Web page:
"The right thing" implies that there is some benefit to either yourself or humanity in doing it in accordance with commonly-held morals, so even if abstaining wouldn't hurt people, doing the right thing would be better.But if there isn't an obvious benefit, what makes "the right thing" right?
Egads! Are all of my friends utilitarians? Admittedly, this question won't make much sense to a utilitarian, because there are no wrong reasons for doing the right thing since the ends justify the means. However, you just read Justice, so you know that this is not the only show in town!As I responded to a similar opinion on G+, if one is in a committed, monogamous relationship, one has a moral obligation to remain faithful until the relationship is dissolved or renegotiated, regardless of any chance of the partner finding out about the indiscretion, in my opinion. It isn't the harm you are doing alone that makes it immoral.
Isn't cheating doing harm even if your partner doesn't find out about it, though? It's wearing away at the strength of the relationship, and at your character. You'd want to remain faithful for yourself as well as for your partner.Isn't abstaining from doing the right thing in itself wrong, though, if the whole point of X being the right thing that you _should_ do it?
It seems like if you are at the point where you want to cheat, the relationship is already fairly substantially undermined. Suppose you'd already cheated and gotten away with it, would it then be ok to cheat again because the relationship had already been violated?
Um...If you want to cheat, and you've already done it before, I'm going to have to concede that you really shouldn't anyway.Unless you valued what the relationship used to be enough to want to try and repair it. If I were in that position, though, I'd want to remain faithful just for my own peace of mind-- cheating would make me feel bad about myself.
But you will concede that something seems wrong about cheating independent of the harm it could cause?
Of course, now I have to undermine my own argument by mentioning a variant of Utilitarianism which I have heard called Rule Utilitarianism. Rather than evaluating each individual action using a utilitarian calculation, one evaluates general rules that way. In this manner one might conclude that it is wrong to cheat, even in the specific case where it may not cause harm, because, in the long run, more harm will be caused by allowing cheating than by prohibiting it. However, I still think this misses a point of morality, that humans believe things to be wrong partially independent of the good or harm that comes with them. Maybe these preferences are simply time ingrained preferences for things that have historically caused good to the species, but if so I think morality would be the poorer for it.If someone rushes into a burning building and pulls out a baby, only to find that the baby dies on route to the hospital, I do not think we would find the persons actions less heroic, simply more tragic. Making the argument that we value such failed attempts only because if people didn't make them, then there would be no chance that we would succeed, while it may actually be a valid argument, is somewhat crass.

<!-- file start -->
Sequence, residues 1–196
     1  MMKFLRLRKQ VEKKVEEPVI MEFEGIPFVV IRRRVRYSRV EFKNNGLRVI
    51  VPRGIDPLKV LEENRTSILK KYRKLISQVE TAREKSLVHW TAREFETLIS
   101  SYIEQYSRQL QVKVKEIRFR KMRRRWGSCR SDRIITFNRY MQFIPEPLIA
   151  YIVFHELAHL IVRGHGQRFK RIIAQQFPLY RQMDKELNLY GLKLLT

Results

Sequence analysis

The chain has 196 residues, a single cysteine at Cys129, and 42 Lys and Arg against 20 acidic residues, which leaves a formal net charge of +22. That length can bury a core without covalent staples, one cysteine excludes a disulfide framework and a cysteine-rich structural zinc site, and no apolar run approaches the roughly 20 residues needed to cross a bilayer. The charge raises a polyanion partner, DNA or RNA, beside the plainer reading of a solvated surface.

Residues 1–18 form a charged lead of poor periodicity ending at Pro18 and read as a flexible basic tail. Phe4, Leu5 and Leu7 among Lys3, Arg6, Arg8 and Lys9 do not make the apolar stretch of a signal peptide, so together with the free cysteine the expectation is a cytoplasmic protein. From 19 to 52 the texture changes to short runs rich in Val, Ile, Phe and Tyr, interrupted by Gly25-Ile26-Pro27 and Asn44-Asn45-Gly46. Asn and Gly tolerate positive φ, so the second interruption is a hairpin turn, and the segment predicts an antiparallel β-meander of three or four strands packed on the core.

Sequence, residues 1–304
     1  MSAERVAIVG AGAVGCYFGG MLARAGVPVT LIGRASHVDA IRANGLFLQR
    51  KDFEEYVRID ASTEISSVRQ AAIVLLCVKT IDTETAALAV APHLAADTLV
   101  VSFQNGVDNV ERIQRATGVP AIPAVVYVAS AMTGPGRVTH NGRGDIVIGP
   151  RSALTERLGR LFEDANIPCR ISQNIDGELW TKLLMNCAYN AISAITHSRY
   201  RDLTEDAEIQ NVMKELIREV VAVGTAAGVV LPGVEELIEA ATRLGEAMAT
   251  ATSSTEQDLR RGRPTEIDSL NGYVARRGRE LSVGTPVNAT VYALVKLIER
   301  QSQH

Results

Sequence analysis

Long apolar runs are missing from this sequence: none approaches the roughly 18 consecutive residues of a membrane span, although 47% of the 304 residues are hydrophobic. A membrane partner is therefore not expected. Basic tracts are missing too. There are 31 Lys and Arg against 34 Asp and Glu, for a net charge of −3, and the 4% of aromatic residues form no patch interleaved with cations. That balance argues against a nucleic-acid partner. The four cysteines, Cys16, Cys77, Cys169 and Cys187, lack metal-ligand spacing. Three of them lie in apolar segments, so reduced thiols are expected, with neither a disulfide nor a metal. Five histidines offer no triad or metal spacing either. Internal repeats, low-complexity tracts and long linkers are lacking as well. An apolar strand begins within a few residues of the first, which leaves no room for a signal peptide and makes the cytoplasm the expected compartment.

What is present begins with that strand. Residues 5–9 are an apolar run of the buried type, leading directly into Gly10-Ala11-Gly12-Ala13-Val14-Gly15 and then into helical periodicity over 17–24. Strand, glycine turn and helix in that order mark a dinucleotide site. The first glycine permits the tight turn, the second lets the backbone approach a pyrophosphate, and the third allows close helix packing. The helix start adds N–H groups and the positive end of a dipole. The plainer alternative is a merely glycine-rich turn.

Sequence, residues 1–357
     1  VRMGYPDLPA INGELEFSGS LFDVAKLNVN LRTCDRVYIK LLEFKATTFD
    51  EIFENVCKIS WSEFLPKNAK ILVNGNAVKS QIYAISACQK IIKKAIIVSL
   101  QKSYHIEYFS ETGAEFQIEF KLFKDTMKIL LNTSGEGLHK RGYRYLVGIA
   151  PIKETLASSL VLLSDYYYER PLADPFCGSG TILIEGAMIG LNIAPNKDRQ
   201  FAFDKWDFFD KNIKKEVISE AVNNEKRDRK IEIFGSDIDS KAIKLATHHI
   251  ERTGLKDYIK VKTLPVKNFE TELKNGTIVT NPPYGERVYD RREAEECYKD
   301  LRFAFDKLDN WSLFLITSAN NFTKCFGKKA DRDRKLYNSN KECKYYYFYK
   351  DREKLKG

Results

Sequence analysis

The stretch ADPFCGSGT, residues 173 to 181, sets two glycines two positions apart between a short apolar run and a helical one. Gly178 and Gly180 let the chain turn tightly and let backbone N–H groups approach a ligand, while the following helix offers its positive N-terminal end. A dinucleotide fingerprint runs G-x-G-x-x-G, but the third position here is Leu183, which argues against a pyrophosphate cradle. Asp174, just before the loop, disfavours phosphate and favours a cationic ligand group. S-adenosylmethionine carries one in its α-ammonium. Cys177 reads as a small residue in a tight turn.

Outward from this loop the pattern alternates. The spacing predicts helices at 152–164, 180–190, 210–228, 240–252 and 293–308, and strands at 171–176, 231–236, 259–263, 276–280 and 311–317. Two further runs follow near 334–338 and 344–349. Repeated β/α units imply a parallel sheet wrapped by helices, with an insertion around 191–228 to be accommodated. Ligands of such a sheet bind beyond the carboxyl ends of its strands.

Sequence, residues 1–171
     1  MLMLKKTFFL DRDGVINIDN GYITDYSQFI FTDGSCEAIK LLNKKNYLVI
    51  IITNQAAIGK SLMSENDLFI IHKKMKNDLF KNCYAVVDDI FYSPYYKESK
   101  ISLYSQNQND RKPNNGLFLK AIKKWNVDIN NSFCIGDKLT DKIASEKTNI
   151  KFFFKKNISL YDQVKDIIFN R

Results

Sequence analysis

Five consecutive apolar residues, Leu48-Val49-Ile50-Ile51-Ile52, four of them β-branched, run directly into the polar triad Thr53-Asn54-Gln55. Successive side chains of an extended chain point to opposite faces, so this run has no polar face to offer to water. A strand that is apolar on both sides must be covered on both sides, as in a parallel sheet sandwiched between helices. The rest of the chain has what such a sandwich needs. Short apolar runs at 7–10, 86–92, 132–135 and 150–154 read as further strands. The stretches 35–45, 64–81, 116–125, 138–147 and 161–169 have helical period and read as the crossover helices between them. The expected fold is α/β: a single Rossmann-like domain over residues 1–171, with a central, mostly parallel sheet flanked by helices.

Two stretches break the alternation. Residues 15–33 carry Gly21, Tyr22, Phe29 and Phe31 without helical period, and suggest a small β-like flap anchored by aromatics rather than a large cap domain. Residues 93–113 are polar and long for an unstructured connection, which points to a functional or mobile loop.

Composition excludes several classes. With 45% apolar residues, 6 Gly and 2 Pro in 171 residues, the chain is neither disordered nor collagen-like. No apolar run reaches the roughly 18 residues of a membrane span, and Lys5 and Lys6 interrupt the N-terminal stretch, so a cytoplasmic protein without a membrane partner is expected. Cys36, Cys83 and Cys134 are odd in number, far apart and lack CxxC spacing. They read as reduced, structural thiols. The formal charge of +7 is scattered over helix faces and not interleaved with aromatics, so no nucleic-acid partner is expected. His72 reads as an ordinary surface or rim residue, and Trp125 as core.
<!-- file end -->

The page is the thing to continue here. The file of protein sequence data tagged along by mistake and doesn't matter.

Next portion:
Intent is more important than action. From reading the Bible, I believe that hatred is equal to murder, lust to adultery. Also, I've been thinking a lot about raising children (might have something to do with being around families with new babies all the time...) and think this senario applies. I'd rather my kids make mistakes with good intentions than follow the "rules" or do "good", with mal intent or the wrong reasons.
I have to admit it is good to hear from someone who agrees with my more "means justify the ends" opinion, in addition to it always being good to hear from you! However, since I feel an obligation to be equally contrary to all sides, I must point out that much harm has been done by people with "good intentions," so perhaps it is worthwhile to ask, as ElfArmy does, "what makes 'the right thing' right?"I don't really have a good answer to that, and as far as I know no philosopher really has.
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